Arnold Kling

Arnold Kling

  • Senior Affiliated Scholar
  • Member, Financial Markets Working Group

Arnold Kling is a Senior Affiliated Scholar and a member of the Financial Markets Working Group at the Mercatus Center at George Mason University. He specializes in housing-finance policy, financial institutions, macroeconomics, and the inside workings of America’s federal financial institutions. He also is an adjunct scholar at the Cato Institute in Washington, DC.

Kling has testified before Congress on the collapse of Fannie Mae and Freddie Mac and has authored five books, including Crisis of Abundance: Rethinking How We Pay for Health Care and Invisible Wealth. He has published articles in the Economist, the Wall Street Journal, the New York Times, the Atlantic, and Forbes, among others, and he blogs at

Previously, Kling served as a senior economist at Freddie Mac and a staff economist on the Board of Governors of the Federal Reserve System. He started Homefair, one of the first commercial websites on the Internet. He also has taught economics and statistics at Berman Hebrew Academy in Rockville, MD, and the Economics for the Citizen course at George Mason University. 

Kling received his PhD in economics from the Massachusetts Institute of Technology.

Follow Arnold on Google+

Published Research

Working Papers

Policy Briefs

Testimony & Comments

Arnold Kling | Oct 23, 2013
On August 20, the Federal Reserve Board, Office of Comptroller of the Currency, and Federal Deposit Insurance Corporation posted a proposed rule that would raise supplementary leverage ratio standards for large, systemically important financial institutions (SIFIs). The agencies solicited comments on a list of questions. This comment pertains primarily to question 2, “Would the proposed strengthening of the leverage ratio mitigate public-policy concerns about the regulatory treatment of banking organizations that may pose risks to the broader economy?”…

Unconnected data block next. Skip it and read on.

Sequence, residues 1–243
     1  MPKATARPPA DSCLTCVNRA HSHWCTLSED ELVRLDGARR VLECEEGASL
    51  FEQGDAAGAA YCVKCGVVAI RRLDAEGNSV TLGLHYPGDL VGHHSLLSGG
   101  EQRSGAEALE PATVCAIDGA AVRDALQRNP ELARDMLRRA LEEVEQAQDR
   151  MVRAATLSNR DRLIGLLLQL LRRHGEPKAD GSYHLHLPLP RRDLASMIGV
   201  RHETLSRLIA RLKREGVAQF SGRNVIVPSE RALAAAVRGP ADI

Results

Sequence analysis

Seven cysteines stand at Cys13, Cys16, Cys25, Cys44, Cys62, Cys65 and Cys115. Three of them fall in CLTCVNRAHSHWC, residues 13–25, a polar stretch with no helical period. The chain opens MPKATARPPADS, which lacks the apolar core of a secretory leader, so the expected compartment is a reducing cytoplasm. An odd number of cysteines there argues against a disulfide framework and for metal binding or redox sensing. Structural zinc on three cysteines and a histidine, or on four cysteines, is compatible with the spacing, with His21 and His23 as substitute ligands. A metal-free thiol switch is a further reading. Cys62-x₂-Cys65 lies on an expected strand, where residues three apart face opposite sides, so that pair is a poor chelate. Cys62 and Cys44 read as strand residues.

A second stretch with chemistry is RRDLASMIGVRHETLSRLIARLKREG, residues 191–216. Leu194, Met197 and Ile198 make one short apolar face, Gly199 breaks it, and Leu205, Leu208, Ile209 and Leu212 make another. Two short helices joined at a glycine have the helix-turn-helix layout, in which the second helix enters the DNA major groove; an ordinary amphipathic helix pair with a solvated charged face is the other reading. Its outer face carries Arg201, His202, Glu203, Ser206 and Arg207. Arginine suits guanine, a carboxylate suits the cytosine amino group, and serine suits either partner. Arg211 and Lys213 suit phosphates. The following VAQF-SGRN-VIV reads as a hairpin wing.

Arnold Kling | Apr 24, 2013
I do not believe that the 30-year fixed-rate mortgage can be issued in large volume without taxpay- ers becoming liable for interest-rate risk. Conversely, if we reform the housing system so that the private sector truly bears the risk, then borrowers would encounter a large differential between the cost of a 30-year fixed-rate mortgage and the cost of a loan with an interest rate that is fixed for only 5 years. Borrowers should be making their choices based on this true cost differential.
Arnold Kling | Mar 29, 2011
Arnold Kling testified before the Senate Banking Committee about the future of the housing finance system.
Arnold Kling | Apr 14, 2010
Since the financial crisis in 2008, fueled by the bubble in the housing market, many homeowners are still facing foreclosures, as they can no longer afford their monthly mortgage payments. The…

Research Summaries & Toolkits

Speeches & Presentations

Expert Commentary

By Robert Higgs, Arnold Kling, Scott Sumner, Dean Baker, Andreas Bergh, Marjorie Griffin Cohen, Anthony Randazzo, Jonathan Haidt, Cass Sunstein |
Jan 01, 2015

The symposium Prologue suggests that among economists in the United States, on matters of the welfare state and the regulatory state, virtually none favors one while opposing the other. Such pattern is a common and intuitive impression, and is supported by scatterplots of survey data. But what explains the pattern? Why don’t some economists favor one and oppose the other?
Dec 08, 2014

The gulf remains wide between Wallison and his opponents, who refuse to ascribe any blame for the crisis to Freddie Mac, Fannie Mae and other misguided government interventions in mortgage lending. A fair-minded person should at least read Wallison's book before committing wholeheartedly to an opposing narrative.
Nov 19, 2014

It is difficult to imagine rapid economic growth taking place in the United States without technological innovation. Other countries can grow by catching up to existing technology, but for us it is necessary to push the frontier.
May 22, 2014

If the United States is ever to enjoy sensible policy in housing, the choices will have to be made at a time when officials are focused on the public interest and firmly reject the suggestions coming from the social engineers and the special-interest lobbyists. Unfortunately, that does not seem to be the case today.



Russell Roberts, Arnold Kling | June 03, 2013
Arnold Kling, author of The Three Languages of Politics, talks with EconTalk host Russ Roberts about the ideas in the book. Kling argues that Progressives, Conservatives, and Libertarians each have their own language and way of looking at the world that often doesn't overlap. This makes it easier for each group to demonize the others. The result is ideological intolerance and incivility.
' '